We all do it. Fuss. Bicker. Squabble. And we usually do it with the people we supposedly love the most.
These are the fights that feel almost scripted because both people say the same things over and over. You can predict how long it’s going to last, and then who does what when it’s over. You might clams up for the entire day, continuing to perfect the silent treatment routine. Or you might complain to your best friend (or worse, your mother).
These fights don’t get physically violent, but they still hurt tremendously. Like food that was left out too long, this type of bickering spoils what started out as a good day. You are left feeling like your relationship is stuck and stagnant.
As a therapist, I hear, “We can’t communicate.” There are common squabbles with recurring themes underneath the fighting.
1. The Who’s-Working-Harder-In-This-Relationship Fight.
“Do you even know what I do all day with these kids?”Answered by, “And I get up and go to work every damn day.“
“I am tired too. How long has it been since you unloaded the dishwasher?“
“I haven’t had a day off in months.” Answered by, “I never get a day off.”
Sound familiar? What is this about?
Feeling gratitude for what you do, and affirmation that you’re appreciated. There is a lack of recognition for what each of you contributes, and cooperation is missing when one of you gets tired or overwhelmed. This is especially true for family chores that are repetitive and seemingly never-ending such as weeding the lawn, cooking, or doing the laundry.
2. The Everything-But-The-Kitchen-Sink Fight.
“And this is just like last year at your dad’s when you forgot me and the kids.“
“Quit complaining about it. What’s done is done. What do you want me to do?“
What are you really fighting about?
In these fights, effort needs to be made in moving beyond hurt feelings for past grievances so that trust can be rebuilt in your relationship. This may mean addressing your own prior actions and expressing remorse to those you’ve hurt, whether intentionally or not. Or perhaps your struggle is to move past the resentments you’ve accumulated and held onto over years that keep you angry and unable to forgive.
3. The If-You’d-Just-Be-More-Like-Me Fight.
“When I am with the kids, this doesn’t happen.”
“I don’t see why you have to take all that time to do the simplest of things.“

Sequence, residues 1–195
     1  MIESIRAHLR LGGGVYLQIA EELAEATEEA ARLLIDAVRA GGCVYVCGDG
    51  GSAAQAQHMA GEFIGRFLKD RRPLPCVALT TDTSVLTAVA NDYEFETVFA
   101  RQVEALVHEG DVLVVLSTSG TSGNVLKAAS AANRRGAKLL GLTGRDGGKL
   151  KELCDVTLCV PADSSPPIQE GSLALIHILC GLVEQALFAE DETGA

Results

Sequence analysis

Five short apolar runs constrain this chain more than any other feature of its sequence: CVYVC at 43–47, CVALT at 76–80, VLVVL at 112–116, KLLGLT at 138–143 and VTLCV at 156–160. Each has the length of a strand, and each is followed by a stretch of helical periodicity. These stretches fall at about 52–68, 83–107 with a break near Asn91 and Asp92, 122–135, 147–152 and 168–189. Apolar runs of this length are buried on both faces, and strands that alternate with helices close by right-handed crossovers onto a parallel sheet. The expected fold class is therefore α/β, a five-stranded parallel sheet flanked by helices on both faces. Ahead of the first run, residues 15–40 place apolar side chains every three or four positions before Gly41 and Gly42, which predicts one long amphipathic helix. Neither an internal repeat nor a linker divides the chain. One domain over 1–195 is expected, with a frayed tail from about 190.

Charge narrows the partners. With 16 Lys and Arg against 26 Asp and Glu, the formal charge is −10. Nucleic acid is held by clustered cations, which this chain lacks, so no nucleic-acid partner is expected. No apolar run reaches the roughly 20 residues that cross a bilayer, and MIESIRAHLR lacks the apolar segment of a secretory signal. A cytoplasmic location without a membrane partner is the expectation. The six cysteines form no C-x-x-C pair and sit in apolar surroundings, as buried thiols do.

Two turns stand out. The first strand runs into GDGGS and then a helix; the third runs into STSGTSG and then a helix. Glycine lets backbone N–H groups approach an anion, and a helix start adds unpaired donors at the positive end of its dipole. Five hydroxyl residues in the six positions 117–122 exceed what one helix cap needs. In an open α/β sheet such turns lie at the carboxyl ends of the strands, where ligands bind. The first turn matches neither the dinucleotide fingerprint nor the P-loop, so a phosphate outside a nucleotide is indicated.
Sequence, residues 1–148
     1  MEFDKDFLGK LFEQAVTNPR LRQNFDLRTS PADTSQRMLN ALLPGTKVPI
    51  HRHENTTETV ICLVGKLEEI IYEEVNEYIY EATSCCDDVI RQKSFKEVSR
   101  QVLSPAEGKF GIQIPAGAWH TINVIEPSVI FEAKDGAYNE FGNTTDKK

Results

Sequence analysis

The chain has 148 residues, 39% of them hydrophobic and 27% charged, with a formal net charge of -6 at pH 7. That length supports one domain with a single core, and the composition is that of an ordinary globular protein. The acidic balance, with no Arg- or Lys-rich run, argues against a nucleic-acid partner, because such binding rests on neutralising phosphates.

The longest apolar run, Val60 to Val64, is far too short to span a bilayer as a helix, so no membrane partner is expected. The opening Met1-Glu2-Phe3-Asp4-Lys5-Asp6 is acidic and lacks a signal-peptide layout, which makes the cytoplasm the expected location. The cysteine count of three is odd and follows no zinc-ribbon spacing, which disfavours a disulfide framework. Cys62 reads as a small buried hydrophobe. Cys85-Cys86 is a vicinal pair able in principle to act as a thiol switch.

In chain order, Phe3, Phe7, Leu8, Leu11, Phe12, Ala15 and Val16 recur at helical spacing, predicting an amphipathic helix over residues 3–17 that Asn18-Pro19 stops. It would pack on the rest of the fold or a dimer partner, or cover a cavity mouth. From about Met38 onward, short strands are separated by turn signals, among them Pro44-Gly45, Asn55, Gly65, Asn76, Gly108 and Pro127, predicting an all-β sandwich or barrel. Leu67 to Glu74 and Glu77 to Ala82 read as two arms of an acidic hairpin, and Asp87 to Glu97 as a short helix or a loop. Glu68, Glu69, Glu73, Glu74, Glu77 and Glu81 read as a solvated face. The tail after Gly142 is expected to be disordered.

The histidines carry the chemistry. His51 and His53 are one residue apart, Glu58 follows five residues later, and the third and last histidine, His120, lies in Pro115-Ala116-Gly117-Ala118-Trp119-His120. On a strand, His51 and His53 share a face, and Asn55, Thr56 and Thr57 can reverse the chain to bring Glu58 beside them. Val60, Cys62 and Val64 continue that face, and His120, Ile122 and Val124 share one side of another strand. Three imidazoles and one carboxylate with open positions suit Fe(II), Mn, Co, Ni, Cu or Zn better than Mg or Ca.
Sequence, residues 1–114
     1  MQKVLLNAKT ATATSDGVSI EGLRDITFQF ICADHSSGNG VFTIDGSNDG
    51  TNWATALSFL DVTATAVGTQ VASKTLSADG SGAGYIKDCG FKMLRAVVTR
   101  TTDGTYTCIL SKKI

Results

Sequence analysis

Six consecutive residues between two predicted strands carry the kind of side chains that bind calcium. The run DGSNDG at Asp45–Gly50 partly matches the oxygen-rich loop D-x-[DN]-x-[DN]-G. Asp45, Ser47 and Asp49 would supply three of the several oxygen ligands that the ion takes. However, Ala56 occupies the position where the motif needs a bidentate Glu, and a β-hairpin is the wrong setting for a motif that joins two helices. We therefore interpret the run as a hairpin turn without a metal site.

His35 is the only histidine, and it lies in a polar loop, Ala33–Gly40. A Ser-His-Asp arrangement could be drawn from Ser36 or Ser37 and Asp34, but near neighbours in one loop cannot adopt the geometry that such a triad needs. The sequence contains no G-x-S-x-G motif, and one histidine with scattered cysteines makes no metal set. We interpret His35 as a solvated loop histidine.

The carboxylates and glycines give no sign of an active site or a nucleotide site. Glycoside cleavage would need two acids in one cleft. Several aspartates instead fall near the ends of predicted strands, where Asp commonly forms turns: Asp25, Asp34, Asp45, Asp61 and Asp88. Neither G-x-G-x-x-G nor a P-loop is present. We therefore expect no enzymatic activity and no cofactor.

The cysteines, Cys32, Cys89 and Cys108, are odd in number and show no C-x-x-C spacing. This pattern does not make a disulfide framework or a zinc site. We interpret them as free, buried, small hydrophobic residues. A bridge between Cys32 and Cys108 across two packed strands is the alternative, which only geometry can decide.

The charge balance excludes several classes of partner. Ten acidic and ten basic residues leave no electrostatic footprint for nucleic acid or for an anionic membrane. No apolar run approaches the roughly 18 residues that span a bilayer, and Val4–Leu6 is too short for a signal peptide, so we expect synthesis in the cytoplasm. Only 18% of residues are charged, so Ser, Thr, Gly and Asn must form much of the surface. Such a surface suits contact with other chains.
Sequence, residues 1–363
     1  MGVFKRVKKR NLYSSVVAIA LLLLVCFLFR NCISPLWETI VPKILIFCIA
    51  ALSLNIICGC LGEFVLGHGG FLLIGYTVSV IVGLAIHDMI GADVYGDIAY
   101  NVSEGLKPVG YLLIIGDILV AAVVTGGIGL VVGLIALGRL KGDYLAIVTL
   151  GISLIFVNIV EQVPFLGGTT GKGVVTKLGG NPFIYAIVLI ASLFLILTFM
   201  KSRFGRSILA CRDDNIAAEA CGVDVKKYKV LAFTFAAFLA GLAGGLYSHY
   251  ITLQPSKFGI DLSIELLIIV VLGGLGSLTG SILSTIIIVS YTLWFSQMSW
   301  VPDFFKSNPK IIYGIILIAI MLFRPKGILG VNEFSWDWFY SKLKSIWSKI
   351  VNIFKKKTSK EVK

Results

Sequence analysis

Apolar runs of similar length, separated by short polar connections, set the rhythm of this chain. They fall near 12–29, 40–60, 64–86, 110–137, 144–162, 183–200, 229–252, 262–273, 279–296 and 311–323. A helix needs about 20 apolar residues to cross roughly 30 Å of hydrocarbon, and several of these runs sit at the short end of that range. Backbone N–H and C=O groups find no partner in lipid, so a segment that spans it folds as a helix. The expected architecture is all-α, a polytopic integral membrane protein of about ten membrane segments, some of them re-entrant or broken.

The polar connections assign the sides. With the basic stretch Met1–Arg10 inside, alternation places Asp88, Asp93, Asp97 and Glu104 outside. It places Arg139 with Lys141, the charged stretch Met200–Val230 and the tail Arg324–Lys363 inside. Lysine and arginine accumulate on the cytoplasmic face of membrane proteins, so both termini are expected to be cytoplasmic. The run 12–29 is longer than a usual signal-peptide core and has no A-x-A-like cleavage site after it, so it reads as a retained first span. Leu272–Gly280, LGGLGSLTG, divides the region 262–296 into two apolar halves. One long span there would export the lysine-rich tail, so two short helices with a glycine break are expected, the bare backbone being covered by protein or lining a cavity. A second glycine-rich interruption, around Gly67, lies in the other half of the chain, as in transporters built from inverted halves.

This is judgement, or even ridicule. Dr. John Gottman, in his excellent research on couples, tells us that contempt is the number one communication quality that kills a relationship. Honoring the differences between you, and acknowledging each other’s strengths, is vital. Recognize you each bring something special and important to the relationship, and that this can help each of you grow as individuals.
4. The You’re-Wrong-And-I’m-Right Fight.
“That’s not what happened. You don’t know what you’re talking about.“
“Well, you know, the kids see it too.“
The first statement is another example of contempt, mixed in with some utter discounting of your partner’s perceptions.
Bringing in the kids, or parents, or friends, as your “witnesses?” That’s a bad idea all around, unless you are doing a true intervention of some kind, because it could potentially taint their relationship with your spouse…or with you.
Several things can be underneath a desire to always be right. It could be a need to feel superior, which really is and attempt to hide insecurity. Perhaps it is defensiveness that is covering up hurt, or perfectionism that is out of control. It is also possible that there is anger about other things that are not being discussed, but are in the background causing resentment that needs an outlet.
This particular fight? It is lonely to win and even lonelier to lose.
5. The It-Sounds-Like-I Am-Talking-About-Me-But-I’m-Really-Blaming-You Fight.
“I feel that you are picking a fight with me when you complain about my mother.”
“I feel that you really don’t care if I come home or not.“
It sounds like, on the surface at least, that you are talking about you. But you’re not. You are angrily telling the other person what you are telling yourself about them. You are blaming them for how you feel.
What would be healthier?
“It’s hard for me not to become angry when you talk about my mom. I love her and I love you. So I feel caught in between the two of you.”
“I am trying to figure out why I am feeling so shaky these days about our relationship, and really about myself.“
Blame is easy. The second is much, much more vulnerable – and thus, more difficult.
So what do you do if you frequently have one of these types of bickering fights with your partner?
- Realize these fights will go nowhere and only chip away at the health of your relationship.
- Stop focusing on the other person and control your own words. Take responsibility for your own role in the bickering.
- Recognize you are really arguing about what’s underneath. You are fighting about trust, respect, vulnerability, fear, lack of gratitude, empathy or loneliness.
- Talk about those things when you are not angry. Risk being vulnerable and express what you’re truly feeling; don’t be afraid to ask for your partner’s help.
- It can be fun to do an exercise with your partner and swap perspectives; you argue your partner’s viewpoint while they argue yours. This way you both will hear what you sound like when you hear your own words, and perhaps gain a deeper understanding of where they are truly coming from.
The good news? I would rather have two people in my office, bickering, than two people who don’t care enough anymore to fight. Your relationship still has passion and intensity, and that can be channeled into healthier directions.
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This was originally published on October 17, 2015 and was updated on November 9, 2018.